At the courthouse, opinion columnist Suzette Hackney and photojournalist Jarrad Henderson awaited the verdict. “The anxiety that was there was like an all-time high,” Henderson said.
Normally, the space outside the Hennepin County Government Center was filled with the constant click of cameras during the trial. Now it was silent.
Hackney had been in Minneapolis for a month, reporting on the community surrounding George Floyd Square and the justice they were seeking.
“I didn’t even realize how much it was affecting me,” Hackney said. “It was like, the moment is here, the moment of truth is here.”
People streamed to the courthouse, with cars crowding side streets. They wanted to be there for the moment. As in the square, people looked at their phones, listened to radios. The first verdict was read, guilty, then the second and the third.
Then someone said on a megaphone, “Guilty of all three counts.”
“They were so relieved and you just felt all of their pain and everything they’ve gone through in the last year,” Hackney said. “It was really powerful. Strangers were hugging strangers.”
Hackney’s editor called to get details to add to Hackney’s reaction column. We were 45 minutes from our print deadline. But they couldn’t hear each other, so Hackney began to text what she was seeing.
“There’s this guy standing next to me all by himself sobbing, a young white guy,” she said. “And people were walking by patting him on the back and just like embracing him.”
Before Henderson left his hotel, he put extra batteries in his pack, clipped a helmet to his belt and dressed in layers in case he was in for a long night. He brought a video monopod to use for his camera but also for protection. He had to be ready for anything.
“And when it came in guilty, guilty, guilty, the crowd erupted,” he said. He could see relief on the faces around him: “I saw photographers crying. I saw old Black men crying. I saw young women crying, like everybody was emotional. And then the party began.”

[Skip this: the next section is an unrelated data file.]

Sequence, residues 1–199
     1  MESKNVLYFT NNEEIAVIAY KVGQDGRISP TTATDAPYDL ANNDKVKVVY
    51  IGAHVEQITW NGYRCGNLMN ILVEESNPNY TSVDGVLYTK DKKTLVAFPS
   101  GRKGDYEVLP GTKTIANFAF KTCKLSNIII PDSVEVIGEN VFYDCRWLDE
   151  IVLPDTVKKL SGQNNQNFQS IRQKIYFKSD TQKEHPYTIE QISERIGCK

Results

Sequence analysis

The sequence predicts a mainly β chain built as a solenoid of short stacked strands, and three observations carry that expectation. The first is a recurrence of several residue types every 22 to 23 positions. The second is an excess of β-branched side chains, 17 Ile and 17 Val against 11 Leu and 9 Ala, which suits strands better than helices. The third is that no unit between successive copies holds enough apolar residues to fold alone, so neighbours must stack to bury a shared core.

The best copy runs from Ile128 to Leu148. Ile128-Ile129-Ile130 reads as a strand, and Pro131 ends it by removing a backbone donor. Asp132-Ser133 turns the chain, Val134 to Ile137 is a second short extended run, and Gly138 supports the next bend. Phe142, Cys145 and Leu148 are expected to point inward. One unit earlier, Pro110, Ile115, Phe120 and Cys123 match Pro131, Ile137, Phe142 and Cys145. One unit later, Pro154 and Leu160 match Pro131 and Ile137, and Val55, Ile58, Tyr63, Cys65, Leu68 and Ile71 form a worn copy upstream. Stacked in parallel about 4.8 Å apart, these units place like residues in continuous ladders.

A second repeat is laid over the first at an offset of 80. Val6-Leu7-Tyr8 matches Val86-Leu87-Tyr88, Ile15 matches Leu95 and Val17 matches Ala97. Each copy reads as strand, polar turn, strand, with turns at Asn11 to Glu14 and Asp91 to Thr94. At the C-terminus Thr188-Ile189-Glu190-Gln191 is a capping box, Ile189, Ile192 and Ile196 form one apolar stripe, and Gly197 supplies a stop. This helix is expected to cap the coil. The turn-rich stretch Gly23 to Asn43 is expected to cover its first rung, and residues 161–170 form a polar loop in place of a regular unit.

Henderson knew he wanted to be a visual journalist when he was 14, when his dad told him the story of Emmett Till, who was also 14 when he was murdered in Mississippi in 1955. Two white men faced charges but were acquitted by an all-white jury. The Black teen was beaten, shot, strung with barbed wire and dumped in a river. Till’s mother wanted the world to see what had happened to her son, and insisted on an open casket at the funeral. A photograph of her looking at her son’s brutalized body galvanized a generation of civil rights activists.
Many have noted the connections between the power of the images of Floyd’s and Till’s murders, both shocking the world and inspiring societal shifts.
“I still don’t know what it all means,” Henderson said. “I need some time to reflect.” He said he’s still experiencing what he’s come to realize is “compassion fatigue.”
“I’m feeling like overwhelmed with empathy. Like you literally cannot bear all of the emotion and importance and responsibility of the moment. But as photographers, we’re trained to do that.”
Henderson knows the community’s work, and his, continues.
“There’s still an ongoing fight for justice,” he said. “There’s still an ongoing fight for understanding and compassion that needs to take place and this healing that needs to take place in our communities. The effects (will) be felt for generations to come.
“Just like the Emmett Till story stuck with me for 20 years now, this story will stick with people for the rest of their lives.”
Nicole Carroll is the editor-in-chief of USA TODAY. Reach her at [email protected] or follow her on Twitter here. Thank you for supporting our journalism. You can subscribe to our print edition, ad-free experience or electronic newspaper replica here.